The future of innovation will focus on green and clean energy, its production and use. The recent U.N experts’ reports, the increase in oil prices, the recent United-States elections and presidential debates show the urgency of finding new ways to produce and use this kind of energy.
It was brave of Barack Obama, the next 44th president of the United-States, to admit that the US cannot continue to use energy as they do actually and it is time to invest in clean renewable and non-renewable energy solutions. However, it is important to remember that environmentally friendly solutions consist of more than just clean energy sources, and should also cover consumption behaviours and technologies on which they are based.
We believe that the focal points of future innovations in energy will focus on: i) advanced technology to produce green, clean, affordable and reliable energy based on wind, solar, hydropower and ocean energy, geothermal energy, biomass, etc.; ii) higher-efficiency residential appliance and commercial equipment that can help reduce energy waste and pollution (zero waste solutions). As a reminder, we consume more water than it takes to wash our hands, more energy than it takes to cook food, to run washing machines, to charge our phones and computers, etc.!; iii) the incorporation of humanities and social sciences into research and development in the field of energy for a better match between clean technologies and users’ behaviours. The issue here is more than just technical feasibility of green and clean solutions, technological change and users’ needs, and should also focus on the social and ethical dimensions of future solutions and innovations in the matter of energy. The recent history of nanotechnology and genetically modified foods is a good example to illustrate and understand these issues; iv) finally, new incentives to promote environmentally friendly lifestyles and high energy-efficiency products (taxation incentives, green insurance system, pricing reforms, etc.).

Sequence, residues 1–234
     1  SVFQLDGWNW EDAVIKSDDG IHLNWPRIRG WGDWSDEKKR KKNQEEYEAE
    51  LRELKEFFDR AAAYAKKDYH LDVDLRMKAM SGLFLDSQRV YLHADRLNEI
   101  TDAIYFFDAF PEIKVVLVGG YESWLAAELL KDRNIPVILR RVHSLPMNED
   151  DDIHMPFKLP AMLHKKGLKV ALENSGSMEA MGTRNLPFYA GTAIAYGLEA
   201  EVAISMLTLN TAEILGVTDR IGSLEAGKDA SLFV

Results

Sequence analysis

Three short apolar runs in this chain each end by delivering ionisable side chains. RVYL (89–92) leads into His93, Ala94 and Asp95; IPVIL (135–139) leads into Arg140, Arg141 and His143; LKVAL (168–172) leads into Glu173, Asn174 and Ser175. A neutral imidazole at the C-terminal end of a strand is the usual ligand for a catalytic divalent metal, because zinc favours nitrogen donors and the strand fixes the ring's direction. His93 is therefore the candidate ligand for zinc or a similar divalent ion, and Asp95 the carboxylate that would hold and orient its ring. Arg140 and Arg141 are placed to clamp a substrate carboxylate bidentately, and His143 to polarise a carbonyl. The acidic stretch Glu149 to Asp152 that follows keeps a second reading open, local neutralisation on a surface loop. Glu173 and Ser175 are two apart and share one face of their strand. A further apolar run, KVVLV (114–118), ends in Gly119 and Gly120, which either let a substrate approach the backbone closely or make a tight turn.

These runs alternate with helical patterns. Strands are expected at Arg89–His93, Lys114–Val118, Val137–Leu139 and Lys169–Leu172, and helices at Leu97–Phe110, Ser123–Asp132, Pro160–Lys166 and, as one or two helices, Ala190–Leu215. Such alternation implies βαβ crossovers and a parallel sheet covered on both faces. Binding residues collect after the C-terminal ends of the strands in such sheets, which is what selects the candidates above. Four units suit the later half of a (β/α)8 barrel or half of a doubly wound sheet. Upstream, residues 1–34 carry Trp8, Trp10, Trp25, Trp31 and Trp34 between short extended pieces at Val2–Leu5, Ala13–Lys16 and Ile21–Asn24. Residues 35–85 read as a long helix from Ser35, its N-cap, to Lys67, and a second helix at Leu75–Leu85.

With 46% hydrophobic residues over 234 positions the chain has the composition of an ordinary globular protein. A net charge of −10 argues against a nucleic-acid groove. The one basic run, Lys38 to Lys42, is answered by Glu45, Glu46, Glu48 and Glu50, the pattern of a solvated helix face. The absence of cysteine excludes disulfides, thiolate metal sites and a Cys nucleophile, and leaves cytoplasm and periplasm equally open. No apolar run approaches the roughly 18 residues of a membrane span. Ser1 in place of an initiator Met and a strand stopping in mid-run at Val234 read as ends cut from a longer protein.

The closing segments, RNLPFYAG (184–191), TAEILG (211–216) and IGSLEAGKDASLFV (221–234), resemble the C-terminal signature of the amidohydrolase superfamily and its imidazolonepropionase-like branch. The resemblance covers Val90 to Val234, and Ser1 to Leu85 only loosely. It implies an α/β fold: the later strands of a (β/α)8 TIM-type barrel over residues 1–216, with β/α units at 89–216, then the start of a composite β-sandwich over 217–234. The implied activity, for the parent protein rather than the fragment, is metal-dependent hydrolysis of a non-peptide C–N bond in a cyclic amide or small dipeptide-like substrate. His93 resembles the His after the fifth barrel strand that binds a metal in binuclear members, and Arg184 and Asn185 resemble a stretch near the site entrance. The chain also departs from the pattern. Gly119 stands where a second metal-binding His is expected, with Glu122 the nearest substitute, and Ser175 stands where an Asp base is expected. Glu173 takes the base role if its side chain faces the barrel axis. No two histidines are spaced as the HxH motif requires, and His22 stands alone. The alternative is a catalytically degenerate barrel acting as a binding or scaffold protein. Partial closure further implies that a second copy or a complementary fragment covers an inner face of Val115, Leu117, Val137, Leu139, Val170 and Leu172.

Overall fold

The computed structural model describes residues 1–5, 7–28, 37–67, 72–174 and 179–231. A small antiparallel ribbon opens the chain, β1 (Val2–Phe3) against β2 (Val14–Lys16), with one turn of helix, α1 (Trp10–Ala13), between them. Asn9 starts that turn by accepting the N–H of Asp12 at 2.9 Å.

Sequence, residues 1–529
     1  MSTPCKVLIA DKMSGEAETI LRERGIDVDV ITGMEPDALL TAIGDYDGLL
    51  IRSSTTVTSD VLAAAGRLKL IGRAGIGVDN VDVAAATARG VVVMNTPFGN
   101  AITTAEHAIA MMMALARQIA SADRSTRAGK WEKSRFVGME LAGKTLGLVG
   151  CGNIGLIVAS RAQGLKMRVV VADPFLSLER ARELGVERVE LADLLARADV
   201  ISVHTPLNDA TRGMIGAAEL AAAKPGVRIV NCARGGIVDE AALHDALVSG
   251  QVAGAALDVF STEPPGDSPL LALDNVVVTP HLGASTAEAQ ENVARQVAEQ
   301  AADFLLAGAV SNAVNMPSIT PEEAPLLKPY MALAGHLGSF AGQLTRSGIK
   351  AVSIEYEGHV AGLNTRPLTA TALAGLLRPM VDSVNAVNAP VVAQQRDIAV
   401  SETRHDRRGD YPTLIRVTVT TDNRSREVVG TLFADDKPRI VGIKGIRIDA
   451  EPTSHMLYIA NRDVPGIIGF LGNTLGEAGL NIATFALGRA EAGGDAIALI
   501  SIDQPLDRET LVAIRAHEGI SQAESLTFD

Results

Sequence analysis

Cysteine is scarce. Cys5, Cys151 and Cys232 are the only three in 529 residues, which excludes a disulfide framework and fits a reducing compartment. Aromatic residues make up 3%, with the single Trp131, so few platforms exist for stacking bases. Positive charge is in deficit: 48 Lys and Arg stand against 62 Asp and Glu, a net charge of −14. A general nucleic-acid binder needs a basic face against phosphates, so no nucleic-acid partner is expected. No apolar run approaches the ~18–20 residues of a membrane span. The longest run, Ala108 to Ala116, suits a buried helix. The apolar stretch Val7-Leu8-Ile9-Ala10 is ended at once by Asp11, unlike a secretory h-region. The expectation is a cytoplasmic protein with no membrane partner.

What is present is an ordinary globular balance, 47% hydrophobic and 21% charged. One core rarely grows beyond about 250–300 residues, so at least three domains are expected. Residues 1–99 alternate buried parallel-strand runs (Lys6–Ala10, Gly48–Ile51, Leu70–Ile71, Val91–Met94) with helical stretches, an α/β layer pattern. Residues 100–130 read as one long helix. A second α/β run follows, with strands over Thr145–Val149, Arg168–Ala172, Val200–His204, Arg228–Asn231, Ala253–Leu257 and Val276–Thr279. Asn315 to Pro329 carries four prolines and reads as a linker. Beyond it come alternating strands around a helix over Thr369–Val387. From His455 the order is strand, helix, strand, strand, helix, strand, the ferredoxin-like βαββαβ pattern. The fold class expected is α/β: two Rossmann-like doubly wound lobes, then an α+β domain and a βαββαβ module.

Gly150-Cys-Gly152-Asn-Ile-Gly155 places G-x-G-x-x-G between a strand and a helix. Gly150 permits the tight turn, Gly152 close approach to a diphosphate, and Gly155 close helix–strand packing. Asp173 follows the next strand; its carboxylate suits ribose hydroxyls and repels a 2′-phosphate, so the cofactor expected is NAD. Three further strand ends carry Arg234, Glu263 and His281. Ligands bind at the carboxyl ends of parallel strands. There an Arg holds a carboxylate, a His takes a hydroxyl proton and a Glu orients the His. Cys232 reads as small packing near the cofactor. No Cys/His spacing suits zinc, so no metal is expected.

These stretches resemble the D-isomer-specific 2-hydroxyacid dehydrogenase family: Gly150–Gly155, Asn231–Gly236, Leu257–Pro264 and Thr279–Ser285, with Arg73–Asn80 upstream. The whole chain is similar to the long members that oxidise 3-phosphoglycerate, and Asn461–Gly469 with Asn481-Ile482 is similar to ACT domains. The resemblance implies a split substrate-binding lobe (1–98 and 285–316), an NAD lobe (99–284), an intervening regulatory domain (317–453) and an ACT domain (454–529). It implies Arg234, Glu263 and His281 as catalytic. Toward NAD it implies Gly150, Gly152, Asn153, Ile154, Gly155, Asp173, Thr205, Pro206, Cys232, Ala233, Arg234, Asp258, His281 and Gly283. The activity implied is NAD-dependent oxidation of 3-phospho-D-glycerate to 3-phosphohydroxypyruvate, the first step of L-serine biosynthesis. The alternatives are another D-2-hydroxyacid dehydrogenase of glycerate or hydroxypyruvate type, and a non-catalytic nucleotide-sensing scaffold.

In this way, the future technological path in the energy sector should be similar to that of new information technologies: i) significant public investment in basic research and applied technologies; ii) commercial transfer of quasi-transversal technologies; iii) the first mover advantage in patenting and commercialisation of clean technologies.
The unequal access to new solutions in the matter of energy should be another point of similarity with the new information technologies sector. Indeed, the emergence of the new technological path in the field of energy should certainly raise the question of a possible “green & clean divide” between developed and developing countries. In this context, two issues should be addressed: i) to what extent the “green & clean divide” will be different from the so-called digital divide? And, of course, how to bridge the technological divide that should separate developed and less developed countries?
Finally, whatever the trends in the field of energy, unexpected events should certainly play a major role in this sector. Therefore, it would be interesting to know how and to what extent the future of innovation in this sector will surprise us.